Welcome to the fourth installment of “Of the Week” on my blog. This time I’ve chosen to do the Historical Event of the week, when I’ll discuss a historical event that had an anniversary over the past week. Today’s feature will discuss one of the seminal moments in human history:
On August 6th, and August 9th, 1945, the United States of America struck Japan with two atomic bombs, ushering in the Atomic Era. B-29s flying from Alaska dropped the newly devastating weapons, obliterating both targets. The two nuclear weapons were the extent of the American nuclear arsenal, but they appeared to be all that was needed. By August 15th, Japan transmitted its willingness to surrender.
Japan, of course, was already in quite the pickle at the time. The massive and battle-hardened (and utterly vicious) Soviet Army had been unleashed on Japan’s puppet Manchukuo (aka Manchuria). The fleet of USAAF B-29s flying from Saipan, Iwo Jima, and Okinawa had levelled several Japanese cities with a campaign of firebombing. To all appearances, those Japanese who favoured peace had been ousted from power.
When Okinawa fell, there was no further obstacles to an American invasion of mainland Japan, an invasion that made even the most bloodthirsty US generals more than a little anxious. The vicious campaign for Okinawa had demonstrated the Japanese capacity for defense; despite overwhelming Allied forces and firepower, the defenders of Okinawa had killed or wounded 50,000 Americans while still managing to die nearly to a man.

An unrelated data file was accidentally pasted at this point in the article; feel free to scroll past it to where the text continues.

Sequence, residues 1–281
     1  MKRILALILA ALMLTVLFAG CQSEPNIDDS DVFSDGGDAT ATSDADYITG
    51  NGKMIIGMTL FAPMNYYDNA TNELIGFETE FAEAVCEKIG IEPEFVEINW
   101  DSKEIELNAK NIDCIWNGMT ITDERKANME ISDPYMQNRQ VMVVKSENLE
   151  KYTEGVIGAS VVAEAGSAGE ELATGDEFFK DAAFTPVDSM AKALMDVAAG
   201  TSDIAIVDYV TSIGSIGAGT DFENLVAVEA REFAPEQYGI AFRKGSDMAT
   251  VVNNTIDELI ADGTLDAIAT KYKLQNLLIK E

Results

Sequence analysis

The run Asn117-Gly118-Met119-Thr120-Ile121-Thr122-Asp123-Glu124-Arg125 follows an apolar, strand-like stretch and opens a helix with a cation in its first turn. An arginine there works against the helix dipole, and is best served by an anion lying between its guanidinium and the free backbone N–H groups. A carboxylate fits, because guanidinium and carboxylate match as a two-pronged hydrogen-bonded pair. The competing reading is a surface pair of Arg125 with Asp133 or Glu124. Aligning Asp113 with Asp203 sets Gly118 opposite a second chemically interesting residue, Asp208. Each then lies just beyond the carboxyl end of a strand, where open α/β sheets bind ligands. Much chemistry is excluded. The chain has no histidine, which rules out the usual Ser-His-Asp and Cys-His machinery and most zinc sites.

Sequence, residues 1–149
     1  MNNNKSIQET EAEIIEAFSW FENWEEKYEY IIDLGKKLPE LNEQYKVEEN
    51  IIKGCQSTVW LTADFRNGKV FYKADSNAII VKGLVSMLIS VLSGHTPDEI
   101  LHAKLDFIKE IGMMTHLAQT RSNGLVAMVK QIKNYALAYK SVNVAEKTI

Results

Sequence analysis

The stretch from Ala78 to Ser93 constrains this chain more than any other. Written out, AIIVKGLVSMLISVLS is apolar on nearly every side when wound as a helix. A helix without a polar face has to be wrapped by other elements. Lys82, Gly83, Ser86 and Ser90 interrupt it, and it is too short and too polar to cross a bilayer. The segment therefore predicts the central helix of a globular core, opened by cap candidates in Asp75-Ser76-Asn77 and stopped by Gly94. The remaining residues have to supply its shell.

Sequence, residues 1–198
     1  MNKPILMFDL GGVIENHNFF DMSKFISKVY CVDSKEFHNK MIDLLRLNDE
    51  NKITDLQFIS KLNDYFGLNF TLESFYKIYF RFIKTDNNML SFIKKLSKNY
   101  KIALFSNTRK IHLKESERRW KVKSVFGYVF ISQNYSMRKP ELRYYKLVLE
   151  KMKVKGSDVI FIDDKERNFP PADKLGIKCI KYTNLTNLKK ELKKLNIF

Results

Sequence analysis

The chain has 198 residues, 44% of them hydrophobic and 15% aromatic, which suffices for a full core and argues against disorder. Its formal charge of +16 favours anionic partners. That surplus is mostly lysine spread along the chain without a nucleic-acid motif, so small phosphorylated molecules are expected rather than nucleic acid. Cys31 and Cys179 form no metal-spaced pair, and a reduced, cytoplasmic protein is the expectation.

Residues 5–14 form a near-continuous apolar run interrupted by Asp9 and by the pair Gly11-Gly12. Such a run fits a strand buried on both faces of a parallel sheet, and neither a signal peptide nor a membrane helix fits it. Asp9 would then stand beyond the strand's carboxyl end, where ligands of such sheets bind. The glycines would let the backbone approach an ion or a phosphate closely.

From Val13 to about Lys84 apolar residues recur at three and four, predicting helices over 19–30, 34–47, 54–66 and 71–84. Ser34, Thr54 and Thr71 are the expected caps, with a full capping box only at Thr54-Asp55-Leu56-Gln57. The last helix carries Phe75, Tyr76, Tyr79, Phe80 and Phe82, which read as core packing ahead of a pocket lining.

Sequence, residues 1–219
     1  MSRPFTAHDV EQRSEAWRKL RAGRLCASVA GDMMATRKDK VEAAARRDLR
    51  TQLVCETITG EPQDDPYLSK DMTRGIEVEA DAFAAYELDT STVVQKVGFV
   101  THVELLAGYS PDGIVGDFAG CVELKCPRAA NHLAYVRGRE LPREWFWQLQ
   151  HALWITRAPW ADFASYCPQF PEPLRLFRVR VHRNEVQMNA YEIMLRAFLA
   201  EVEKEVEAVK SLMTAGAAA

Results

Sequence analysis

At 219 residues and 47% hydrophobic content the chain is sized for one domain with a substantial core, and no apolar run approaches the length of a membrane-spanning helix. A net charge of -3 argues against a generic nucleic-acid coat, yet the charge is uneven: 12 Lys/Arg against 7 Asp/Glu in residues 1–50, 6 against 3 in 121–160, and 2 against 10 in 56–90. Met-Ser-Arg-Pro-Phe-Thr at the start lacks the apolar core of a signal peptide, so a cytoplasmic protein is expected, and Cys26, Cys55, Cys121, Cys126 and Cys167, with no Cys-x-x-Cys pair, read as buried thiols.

This may not represent the reality of the situation; some historians have stated that the resistant Japanese psyche was crumbling, and they may have yielded before the invasion of Japan eventually came, or shortly after that invasion. Such historians point to the force already being brought against the island of Japan as evidence that the Japanese would have given in. Truman wanted to use nukes to avoid the huge amount of casualties that would have occurred in the case of a mainland invasion; the generals wanted to test the bombs to see how effective they were in neutralizing enemy hard targets before an invasion.
Since the date, people have accused the United States of being cruel or overly violent. I am disinclined to believe such things; war is a time of unnecessary cruelty in general, and the unnecessary cruelty of Japan’s empire is very well documented. In addition, the US had already inflicted hundreds of thousands of deaths and injuries to Japanese civilians in their vicious firebombing campaign, essentially destroying most of the built-up areas on the main islands already. What Truman was hoping for was that the immense shock and awe of the bombs forcing the Japanese to capitulate.
Hiroshima was destroyed on August 6th. The United States waited three days for a response to their demand for surrender; on the 9th, Nagasaki was destroyed. The cities have since been rebuilt but both city cores were utterly obliterated. Somewhere in the range of 110,000-150,000 people were instantly killed, with perhaps as many as half a million more dying of radiation over the next ten years.
Criticism of this ultimate weapon continues to this day; my opinion is not important. But I hope that this interests you enough to further educate yourself on these two days, seared by atomic fire into the fabric of our combined history.
“If the radiance of a thousand suns were to burst at once into the sky, that would be like the splendor of the mighty one…now I am become Death, the destroyer of worlds.”
-Translation of the Bhagavad Gita as recalled by J. Robert Oppenheimer, as he watched the first atomic bomb explode.